LINKAGE BETWEEN PLC CONCEPT AND ENTRY STRATEGY
As a new product travels through its life, different firms join the market with their respective versions at different stages. Some join in the early stages, others join midway and yet others join still later. Basically, four distinct entry postures are possible for a firm seeking entry into the market:
v As an â€˜innovatorâ€™ at the introduction stage in the life cycle of the product.
v As an â€˜early followerâ€™ in the early growth stage.
v As a â€˜segmenterâ€™ in the late growth stage.
v As a â€˜me-tooâ€™ in the maturity stage.
Success is possible with all these entry positions, provided the firm has the needed capabilities to handle the market characteristics peculiar to the respective stages.
Entry as Innovator
Innovators should have large resources at their disposal to innovate and introduce new products in the market. They must have the capacity to absorb the cost of product failures. They must also have high-caliber people on the R&D and marketing front. Only those who have all these plus points can afford to take the position of an innovator.
Entry as Early Follower
Those who join the life cycle as followers in the early growth stage of the products have to be good market watchers. They must closely watch the innovatorsâ€™ programs and if their market intelligence shows that a product introduced by the innovator is picking up well, they should quickly join in with their version. They need not invest heavily in R&D because they essentially copy the innovator. They must, however has an organization capable of putting a new product into the market at short notice.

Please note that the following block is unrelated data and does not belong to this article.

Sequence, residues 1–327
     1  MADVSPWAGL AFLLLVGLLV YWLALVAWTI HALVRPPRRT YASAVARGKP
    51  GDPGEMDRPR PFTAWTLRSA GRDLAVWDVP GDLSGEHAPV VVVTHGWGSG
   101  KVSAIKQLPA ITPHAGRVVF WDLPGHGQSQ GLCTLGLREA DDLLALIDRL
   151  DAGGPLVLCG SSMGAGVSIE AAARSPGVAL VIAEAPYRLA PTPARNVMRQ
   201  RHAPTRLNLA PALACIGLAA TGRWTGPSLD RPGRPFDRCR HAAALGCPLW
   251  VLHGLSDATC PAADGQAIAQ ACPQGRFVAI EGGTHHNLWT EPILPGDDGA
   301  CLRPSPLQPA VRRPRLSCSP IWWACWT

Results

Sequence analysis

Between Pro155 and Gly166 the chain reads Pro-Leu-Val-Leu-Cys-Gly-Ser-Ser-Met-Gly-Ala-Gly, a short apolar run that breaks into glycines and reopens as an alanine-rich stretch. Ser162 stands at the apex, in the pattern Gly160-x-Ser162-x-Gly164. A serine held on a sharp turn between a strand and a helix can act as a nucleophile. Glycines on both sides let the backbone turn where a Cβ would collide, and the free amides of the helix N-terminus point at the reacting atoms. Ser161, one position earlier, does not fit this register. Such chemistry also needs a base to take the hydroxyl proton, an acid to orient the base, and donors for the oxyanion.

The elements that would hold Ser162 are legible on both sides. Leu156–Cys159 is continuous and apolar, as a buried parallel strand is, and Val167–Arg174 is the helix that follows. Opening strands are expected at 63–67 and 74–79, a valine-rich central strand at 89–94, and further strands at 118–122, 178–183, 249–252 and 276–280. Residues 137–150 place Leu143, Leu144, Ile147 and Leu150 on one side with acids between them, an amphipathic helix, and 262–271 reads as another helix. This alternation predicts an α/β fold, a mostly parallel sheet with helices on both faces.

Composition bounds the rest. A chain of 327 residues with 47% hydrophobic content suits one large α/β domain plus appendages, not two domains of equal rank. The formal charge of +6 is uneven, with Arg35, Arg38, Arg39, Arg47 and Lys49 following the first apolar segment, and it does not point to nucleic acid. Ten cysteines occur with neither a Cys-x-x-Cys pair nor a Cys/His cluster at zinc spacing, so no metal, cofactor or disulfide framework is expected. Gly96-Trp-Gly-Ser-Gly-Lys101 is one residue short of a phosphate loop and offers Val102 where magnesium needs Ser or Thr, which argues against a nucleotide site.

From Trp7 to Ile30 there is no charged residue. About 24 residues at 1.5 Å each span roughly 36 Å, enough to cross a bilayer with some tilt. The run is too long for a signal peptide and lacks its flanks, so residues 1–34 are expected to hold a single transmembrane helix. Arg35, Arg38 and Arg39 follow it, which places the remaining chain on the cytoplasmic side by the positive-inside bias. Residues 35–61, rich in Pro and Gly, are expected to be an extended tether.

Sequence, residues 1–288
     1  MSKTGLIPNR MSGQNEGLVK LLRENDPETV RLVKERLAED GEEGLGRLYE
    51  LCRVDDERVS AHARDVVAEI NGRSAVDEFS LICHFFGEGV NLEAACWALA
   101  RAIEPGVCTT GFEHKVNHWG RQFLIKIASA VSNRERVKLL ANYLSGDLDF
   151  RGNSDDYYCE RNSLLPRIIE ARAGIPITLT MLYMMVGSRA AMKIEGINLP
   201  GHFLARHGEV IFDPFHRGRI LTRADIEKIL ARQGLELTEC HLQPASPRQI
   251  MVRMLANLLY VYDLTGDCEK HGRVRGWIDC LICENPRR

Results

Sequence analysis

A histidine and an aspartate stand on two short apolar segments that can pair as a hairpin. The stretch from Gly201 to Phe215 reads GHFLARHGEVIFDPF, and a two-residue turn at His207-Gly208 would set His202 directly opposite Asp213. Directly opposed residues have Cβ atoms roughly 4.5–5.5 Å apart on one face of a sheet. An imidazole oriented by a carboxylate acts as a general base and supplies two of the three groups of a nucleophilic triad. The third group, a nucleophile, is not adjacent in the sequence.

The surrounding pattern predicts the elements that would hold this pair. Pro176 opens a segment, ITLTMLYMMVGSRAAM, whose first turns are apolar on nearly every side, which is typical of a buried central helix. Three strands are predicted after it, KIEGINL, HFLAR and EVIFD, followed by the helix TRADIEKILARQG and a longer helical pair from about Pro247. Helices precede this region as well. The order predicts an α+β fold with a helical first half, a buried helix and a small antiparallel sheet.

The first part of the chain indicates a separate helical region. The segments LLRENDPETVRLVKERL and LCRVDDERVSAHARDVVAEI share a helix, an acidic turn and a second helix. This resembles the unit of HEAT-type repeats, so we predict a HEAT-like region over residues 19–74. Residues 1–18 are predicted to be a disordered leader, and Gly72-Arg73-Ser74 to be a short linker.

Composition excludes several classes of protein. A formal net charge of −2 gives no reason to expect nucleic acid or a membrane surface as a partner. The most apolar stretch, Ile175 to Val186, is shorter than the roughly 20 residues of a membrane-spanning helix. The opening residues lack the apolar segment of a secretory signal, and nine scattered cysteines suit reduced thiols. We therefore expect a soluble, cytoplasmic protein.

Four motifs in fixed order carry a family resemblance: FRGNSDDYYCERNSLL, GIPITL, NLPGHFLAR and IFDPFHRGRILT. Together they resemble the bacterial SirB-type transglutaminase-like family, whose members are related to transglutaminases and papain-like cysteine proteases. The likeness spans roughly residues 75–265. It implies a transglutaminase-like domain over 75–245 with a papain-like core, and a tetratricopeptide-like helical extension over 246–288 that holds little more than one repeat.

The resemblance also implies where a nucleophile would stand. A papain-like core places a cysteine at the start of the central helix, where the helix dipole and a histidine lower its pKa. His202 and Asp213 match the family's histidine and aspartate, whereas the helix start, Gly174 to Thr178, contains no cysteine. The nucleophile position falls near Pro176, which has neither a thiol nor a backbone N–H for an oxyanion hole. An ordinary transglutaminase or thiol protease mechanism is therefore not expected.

Entry as Segmenter
The segmenters enter with their brands still later, i.e. when the product enters the late growth stage. They identify certain market segments with less competition and concentrate on them; they
bring in products that are appropriately modified to suit the selected segments. They are highly cost-conscious in their manufacturing and marketing programs as they know that as late entrants they cannot recover extra costs.
Entry as â€˜me-tooâ€™
The me-too firms enter with their versions at a time the product enters the maturity stage of its life cycle. These firms do not need much R&D efforts. But, they need a strong marketing organization to compete with the already established competitors. They normally compete on price, keeping their costs as low as possible. Production cost is their main concern and all their decisions, including those on product features and design, are dominated by the concern to reduce production cost.